photos: Matthias Piket
Lately, I’ve been totally into workshops. I like the feeling of learning new crafts and perfecting already existing skills. So I was more than happy when Huawei invited me to a mobile photography workshop by Paul Ripke. If you haven’t heard of this man, you should definitely google his name. He rose to fame with his book One Night in Rio where he captured the German soccer team up-close and personal at the World Championship in Rio back in 2014. But he’s not a typical sport and event photographer. With his work he comes so close to the action and the main protagonists that it almost feels like being right there between the athletes celebrating their victory.
With someone so accomplished of course there is a lot to learn, so after he introduced himself to us I was really curious what secrets of his success and profession he would share with us during this workshop. Much to my surprise, in the end the most valuable insight that I got beside a lot of technical stuff, was something quite more personal and inconspicuous…
Why the House of Red Doors’ theme parties are not to be missed and how Berlin’s authentically wild side is reflected in them, is something we have already written about. What you might have missed though is the mannequin challenge the whole Bad Bruises crew, that organizes the parties, has recently shot. If this does not make you feel butterflies of excitement in your stomach and the need to learn more about this talented group of people and their vision, I do not know what could then. I personally expected Jessica Lange’s Elsa Mars from American Horror Story to show up owning it as always.
January 26th 2017 will be day of the one year anniversary of this already iconic party and you should definitely check it out.
When you visit one of the many abandoned places of Berlin you will most likely find traces of previous visits, or even habitation there. Squatters, ravers, sprayers, vandals, urban explorers. They all left their marks on these forgotten buildings of Berlin and contribute to the decay of what these places once were. If you’re lucky you might even find some traces of creativity there.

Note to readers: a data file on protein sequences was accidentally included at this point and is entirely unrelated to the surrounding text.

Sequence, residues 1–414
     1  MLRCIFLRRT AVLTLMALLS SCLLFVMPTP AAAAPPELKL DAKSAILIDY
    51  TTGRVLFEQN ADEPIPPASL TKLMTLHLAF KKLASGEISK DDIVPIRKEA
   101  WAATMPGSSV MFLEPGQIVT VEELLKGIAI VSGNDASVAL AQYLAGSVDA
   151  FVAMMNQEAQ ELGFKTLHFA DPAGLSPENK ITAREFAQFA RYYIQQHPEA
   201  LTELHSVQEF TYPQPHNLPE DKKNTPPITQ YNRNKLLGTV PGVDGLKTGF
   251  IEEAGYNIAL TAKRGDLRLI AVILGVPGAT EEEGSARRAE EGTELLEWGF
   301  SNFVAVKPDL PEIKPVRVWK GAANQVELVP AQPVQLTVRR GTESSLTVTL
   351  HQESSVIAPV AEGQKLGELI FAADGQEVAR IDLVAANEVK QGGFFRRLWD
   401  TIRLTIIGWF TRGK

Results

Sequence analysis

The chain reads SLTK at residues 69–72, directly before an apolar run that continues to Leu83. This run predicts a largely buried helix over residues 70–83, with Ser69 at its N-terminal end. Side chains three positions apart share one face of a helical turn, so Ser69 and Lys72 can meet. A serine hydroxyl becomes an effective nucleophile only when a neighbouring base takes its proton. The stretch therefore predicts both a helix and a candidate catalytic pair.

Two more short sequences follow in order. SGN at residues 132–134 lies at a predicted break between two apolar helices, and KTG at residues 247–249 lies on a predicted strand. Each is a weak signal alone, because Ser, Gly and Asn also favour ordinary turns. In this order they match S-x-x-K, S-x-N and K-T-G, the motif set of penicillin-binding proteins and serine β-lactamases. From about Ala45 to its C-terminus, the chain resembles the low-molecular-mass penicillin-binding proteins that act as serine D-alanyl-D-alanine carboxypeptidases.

When I first stepped into the abandoned railroad yard in Pankow last summer I was amazed by the spectacular light inside the circular building that came in through the panoramic windows in the ceiling. The place itself was completely empty and pretty much devastated by vandalism. But within all the debris and decay I found golden confetti and feathers on the floor like a little glimmer of hope and joy. It looked like someone had a good time there not too long ago. Maybe a small party, or an euphoric photo shoot. Either way it was another trace of life in an otherwise dead place.
When I stumbled about the contemporary dance video titled “Ephemeral Rooms” by Ruben Reniers and Nora Vladiguerov that was shot in this location earlier this year I was reminded of my visit. Just like whoever left the golden confetti the two choreographers and dancers breathed some life into this abandoned place with their beautiful performance.
A new, exceptionally nice speakeasy bar called ROOK opened a few weeks ago in a place where you, dear readers, would probably least expect it: in an old water tower in Cologne. Yes, you’ve read it right – it’s not about Berlin today, but about a thing that we in Berlin are especially crazy about: secret bars in hidden locations.
In a world of the Internet and smartphones, where all information is constantly accessible, the concept of speakeasy bars is more attractive than ever. It’s no wonder, since nothing tastes sweeter than a secret that you only share with a few people. We’ve known that this rule applies to the club and bar scene for ages.
That’s why it’s totally understandable that also the ROOK team decided in favor of such an idea. A few months ago, Luisa und Rike entered the Shape Your City competition organized by the international premium beer brand Heineken with their own bar concept. They managed to win over the Jury, composed of, among others, the restaurateurs Philipp Treudt and Tobias Mintert, as well as our Berlin blogger-colleagues from Dandy Diary. ROOK is the result of a cooperation with Heineken and celebrated its opening on the 18th November 2016. This coming Friday, the Dandy Diary members of the jury are going to throw a party in the location that they’ve helped to single out. More about that later in the text!
Even in Berlin, maintaining the individual desired level of social prosperity may present some difficulty. In other words: during a party spree comprising of multiple venues in, say, Kreuzberg, you may choose to rely on an ubahn rather than an uber as you proceed with the night’s schedule. You may be more inclined towards the latter if you’re visiting from Scandinavia.
Because even though Berlin is undoubtedly a much cheaper place to live than London or Paris, most people don’t necessarily earn enough to be able to appreciate it. Especially when we acknowledge the rise in the housing prices, Berlin is no Shangri-La, or at least does not become one until Friday night.